The entirety of the Instruments phase is dedicated to teaching Army pilots how to fly in the clouds, when they can’t see, and still get where they need to go. It prepares Army pilots, upon completion, to be able to certify as Commercial-Instrument pilots, as they will gain the skills and knowledge necessary to maneuver in FAA Airspace. Foci include Instrument Flight Rules (IFR) flight planning, proper holding procedures, reporting in accordance with FAA regulations, using Army and FAA publications, and so on. Naturally, the ongoing Academics, which still consume half of the students’ day, will mirror and add to this capability.
This phase is incredibly strenuous for some. It’s very cerebral, as students have to be able to consume a LOT of information and remember it well enough to be able to practically apply it as well as retain the knowledge gained during the prior portions of both Flight and Academics. Everything to which students have been exposed is, and will forever be, fair game for knowledge checks/quizzes/examinations. Some individuals who absolutely thrived during Primary may stumble pretty severely during Instruments. It’s the nature of the animal and certainly tests people’s will and perseverance.
But as always…just work hard and don’t give up. And you’ll be fine. Students will, naturally, be required to pass a Check Ride to get out of the simulator and into the aircraft, and pass another at the end of the eight-weeks to complete the Instruments phase.
Basic Warfighter Skills (BWS)-
This phase has gone by many names, but regardless what it’s called it is, easily, the most fun flying one does during all of Common Core. It’s where flight students learn how to fly and operate like Army pilots. The phase is only 4-6 weeks (the last 2-3 of which are free of academics!) and introduce flying with Night Vision Goggles (NVGs). These weeks are focused on introducing the different types of terrain flight. So students will learn to fly, and spend the entire phase flying, anywhere from 50’ above the trees to 200’ above the trees.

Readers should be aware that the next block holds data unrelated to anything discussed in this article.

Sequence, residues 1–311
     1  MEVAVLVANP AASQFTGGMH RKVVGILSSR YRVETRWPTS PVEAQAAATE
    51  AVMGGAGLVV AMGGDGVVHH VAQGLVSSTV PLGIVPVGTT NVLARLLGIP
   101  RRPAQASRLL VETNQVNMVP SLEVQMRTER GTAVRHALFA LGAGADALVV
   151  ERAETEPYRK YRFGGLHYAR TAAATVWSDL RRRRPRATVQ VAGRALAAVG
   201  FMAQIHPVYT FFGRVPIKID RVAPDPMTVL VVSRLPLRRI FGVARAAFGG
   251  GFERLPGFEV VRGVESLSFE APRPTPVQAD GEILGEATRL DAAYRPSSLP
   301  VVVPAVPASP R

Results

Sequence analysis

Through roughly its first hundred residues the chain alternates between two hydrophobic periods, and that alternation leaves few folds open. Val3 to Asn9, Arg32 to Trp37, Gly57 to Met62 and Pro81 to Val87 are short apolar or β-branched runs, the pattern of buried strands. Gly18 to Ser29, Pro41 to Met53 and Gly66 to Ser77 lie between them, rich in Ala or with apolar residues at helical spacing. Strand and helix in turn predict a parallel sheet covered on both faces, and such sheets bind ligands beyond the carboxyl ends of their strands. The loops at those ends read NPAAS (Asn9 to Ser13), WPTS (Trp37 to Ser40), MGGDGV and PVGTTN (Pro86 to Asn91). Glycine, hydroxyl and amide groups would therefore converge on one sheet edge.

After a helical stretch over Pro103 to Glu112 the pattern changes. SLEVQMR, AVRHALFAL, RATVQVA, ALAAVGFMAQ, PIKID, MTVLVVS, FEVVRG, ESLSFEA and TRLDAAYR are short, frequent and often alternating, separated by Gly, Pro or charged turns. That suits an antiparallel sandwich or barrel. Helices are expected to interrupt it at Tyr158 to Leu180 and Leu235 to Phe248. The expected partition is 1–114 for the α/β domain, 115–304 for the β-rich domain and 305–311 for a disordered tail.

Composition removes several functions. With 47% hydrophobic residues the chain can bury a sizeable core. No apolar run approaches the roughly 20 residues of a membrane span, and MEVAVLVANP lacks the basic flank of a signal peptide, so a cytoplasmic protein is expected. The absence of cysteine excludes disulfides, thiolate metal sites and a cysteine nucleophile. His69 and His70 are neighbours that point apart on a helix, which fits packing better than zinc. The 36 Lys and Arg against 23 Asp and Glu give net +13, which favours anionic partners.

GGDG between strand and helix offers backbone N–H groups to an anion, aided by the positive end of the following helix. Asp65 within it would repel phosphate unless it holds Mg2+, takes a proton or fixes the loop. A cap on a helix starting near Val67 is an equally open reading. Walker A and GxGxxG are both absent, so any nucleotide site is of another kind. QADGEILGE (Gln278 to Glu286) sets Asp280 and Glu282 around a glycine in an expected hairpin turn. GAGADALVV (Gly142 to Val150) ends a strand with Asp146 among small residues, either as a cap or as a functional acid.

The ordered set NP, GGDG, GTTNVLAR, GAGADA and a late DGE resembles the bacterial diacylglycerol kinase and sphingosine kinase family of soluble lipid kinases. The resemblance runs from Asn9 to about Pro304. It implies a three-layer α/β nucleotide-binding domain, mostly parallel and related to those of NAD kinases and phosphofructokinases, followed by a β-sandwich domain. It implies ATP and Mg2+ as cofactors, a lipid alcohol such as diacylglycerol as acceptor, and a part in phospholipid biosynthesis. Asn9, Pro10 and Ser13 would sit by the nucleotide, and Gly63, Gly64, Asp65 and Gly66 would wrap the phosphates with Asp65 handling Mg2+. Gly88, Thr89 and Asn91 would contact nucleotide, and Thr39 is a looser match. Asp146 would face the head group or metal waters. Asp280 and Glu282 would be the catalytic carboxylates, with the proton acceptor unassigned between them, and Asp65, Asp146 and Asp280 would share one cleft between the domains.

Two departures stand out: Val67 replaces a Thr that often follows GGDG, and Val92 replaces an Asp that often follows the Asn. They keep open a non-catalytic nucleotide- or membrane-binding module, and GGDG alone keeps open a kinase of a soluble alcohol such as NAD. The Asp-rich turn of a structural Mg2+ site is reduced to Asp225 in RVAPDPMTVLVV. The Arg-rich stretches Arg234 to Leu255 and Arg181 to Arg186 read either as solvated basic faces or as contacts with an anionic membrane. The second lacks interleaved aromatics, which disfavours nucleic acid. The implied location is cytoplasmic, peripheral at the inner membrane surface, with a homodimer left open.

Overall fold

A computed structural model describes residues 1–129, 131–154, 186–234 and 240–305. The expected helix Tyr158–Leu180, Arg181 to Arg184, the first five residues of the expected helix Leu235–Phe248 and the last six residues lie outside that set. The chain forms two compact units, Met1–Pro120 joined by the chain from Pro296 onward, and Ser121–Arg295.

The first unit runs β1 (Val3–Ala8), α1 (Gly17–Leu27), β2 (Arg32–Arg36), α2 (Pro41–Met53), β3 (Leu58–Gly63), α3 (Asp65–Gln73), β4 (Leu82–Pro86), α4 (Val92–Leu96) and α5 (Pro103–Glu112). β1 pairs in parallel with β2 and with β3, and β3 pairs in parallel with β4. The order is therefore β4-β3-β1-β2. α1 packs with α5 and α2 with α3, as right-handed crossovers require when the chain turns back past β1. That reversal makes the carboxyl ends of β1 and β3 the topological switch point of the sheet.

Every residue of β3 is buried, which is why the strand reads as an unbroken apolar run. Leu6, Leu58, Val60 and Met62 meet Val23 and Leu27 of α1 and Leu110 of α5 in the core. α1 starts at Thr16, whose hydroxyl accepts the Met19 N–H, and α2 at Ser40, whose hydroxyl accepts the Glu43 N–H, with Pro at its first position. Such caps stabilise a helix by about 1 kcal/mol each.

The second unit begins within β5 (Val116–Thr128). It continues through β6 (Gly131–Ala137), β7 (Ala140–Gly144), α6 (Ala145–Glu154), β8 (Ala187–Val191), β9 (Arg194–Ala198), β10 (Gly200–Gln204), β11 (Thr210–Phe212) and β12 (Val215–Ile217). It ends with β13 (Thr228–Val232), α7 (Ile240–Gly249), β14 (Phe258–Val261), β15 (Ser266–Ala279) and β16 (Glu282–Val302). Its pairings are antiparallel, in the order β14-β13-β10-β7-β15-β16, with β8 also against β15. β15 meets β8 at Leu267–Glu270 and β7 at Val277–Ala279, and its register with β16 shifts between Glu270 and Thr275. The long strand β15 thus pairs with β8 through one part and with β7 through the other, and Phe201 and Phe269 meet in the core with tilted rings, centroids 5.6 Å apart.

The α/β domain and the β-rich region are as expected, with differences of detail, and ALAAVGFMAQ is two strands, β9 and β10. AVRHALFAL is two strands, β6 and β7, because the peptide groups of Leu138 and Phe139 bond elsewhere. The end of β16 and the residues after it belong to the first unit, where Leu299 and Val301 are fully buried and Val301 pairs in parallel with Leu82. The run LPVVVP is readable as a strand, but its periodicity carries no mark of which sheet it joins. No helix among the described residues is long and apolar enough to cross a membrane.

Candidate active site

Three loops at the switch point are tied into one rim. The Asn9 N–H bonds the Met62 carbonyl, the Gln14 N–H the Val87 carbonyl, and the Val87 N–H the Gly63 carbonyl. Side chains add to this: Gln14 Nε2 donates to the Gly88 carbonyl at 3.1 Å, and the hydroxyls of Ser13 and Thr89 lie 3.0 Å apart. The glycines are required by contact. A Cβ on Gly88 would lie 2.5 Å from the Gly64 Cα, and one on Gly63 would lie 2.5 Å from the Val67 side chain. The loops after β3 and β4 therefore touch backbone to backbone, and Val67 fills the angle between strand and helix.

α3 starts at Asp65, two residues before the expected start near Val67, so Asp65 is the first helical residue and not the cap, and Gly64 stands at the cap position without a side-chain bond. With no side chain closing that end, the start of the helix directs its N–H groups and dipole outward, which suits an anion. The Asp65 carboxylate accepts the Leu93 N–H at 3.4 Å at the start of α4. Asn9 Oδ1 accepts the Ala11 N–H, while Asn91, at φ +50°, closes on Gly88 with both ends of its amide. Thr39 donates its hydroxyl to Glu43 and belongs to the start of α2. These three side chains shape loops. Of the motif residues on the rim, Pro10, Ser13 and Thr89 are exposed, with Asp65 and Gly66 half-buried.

They’ll also learn to navigate using a map, compass and terrain association, in the event that all aircraft navigation systems were ever to take a crap and there was no other option. Students will be on aerial treasure hunts, essentially, as they will be given grids to plot on a map and they will need to navigate to those grids and find the specific Landing Zone (LZ) associated therewith. As I said…it’s a fun phase.
There will, additionally, be a focus on learning to land on slopes, learning to operate in confined areas (i.e. postage stamps of grass in the middle of a forest), and other such skills that are involved with actual Army Aviation operations. One such skill, as stated above, is NVG flight. It’s a profile that takes some getting used to, ESPECIALLY considering the altitudes and the maneuvers that are the focus of this phase. But it doesn’t take long for students to become reasonably comfortable operating “under Goggles.” There will be a specific portion of academics dedicated to NVGs to teach students about how to use them to the greatest effect in conducting night-flight operations.
And suddenly you’re done! Two BWS Check Rides, some more academic exams, an Army Physical Fitness Test (APFT, soon to be the new ACFT)…and you’re Common Core complete! I CANNOT STRESS ENOUGH HERE how important it is to make sure you are regularly exercising throughout all of Common Core. Too often, individuals have completed the entirety of Common Core, failed their APFT and been kicked out of Flight School. They did ALL of that work and experienced ALL of that stress for YEARS to try and become a pilot…and it’s gone. The Army will find another home for them…based off of the needs of the Army.
…but for everyone else, only 20-ish weeks after starting, Common Core is over. Now each individual student’s performance in Academics, Check Rides, BOLC/WOBC, APFTs, etc., throughout every phase completed to this point will be taken into account as an Order of Merit List (OML, or class placement) is created. And then selection day comes. For Guardsmen and Reservists, this is a very low-stress day; they already know what aircraft they’ll be flying. For the Active Duty officers, on the other hand, this day can be a source of immense stress. You will select your aircraft based off of your class placement. So if you’re not in the top 30-40%, there’s a good chance you will not be choosing your aircraft, the Army will be choosing it for you.
If your heart is absolutely set on one aircraft, there’s a chance you’ll be disappointed even if you’re the class’s top performer, unfortunately, and this is…wait for it…based off of the needs of the Army (get used to that phrase). This NEVER happens with Chinooks, but there have been entire classes who have been relegated to Apaches or ‘Hawks because the Army had a dire need. This is an exception, however, not a rule. So although I’ve stated it a dozen times over the weeks, it’s worth saying again: work hard. Do your best to be your best. Only then will you be giving yourself your best shot at controlling your fate.
Next week, I’ll do a follow-up article to cover the last portions of Flight School: training in your “Go-to-War” aircraft, WOBC/BOLC-B and potential extracurriculars. Until then…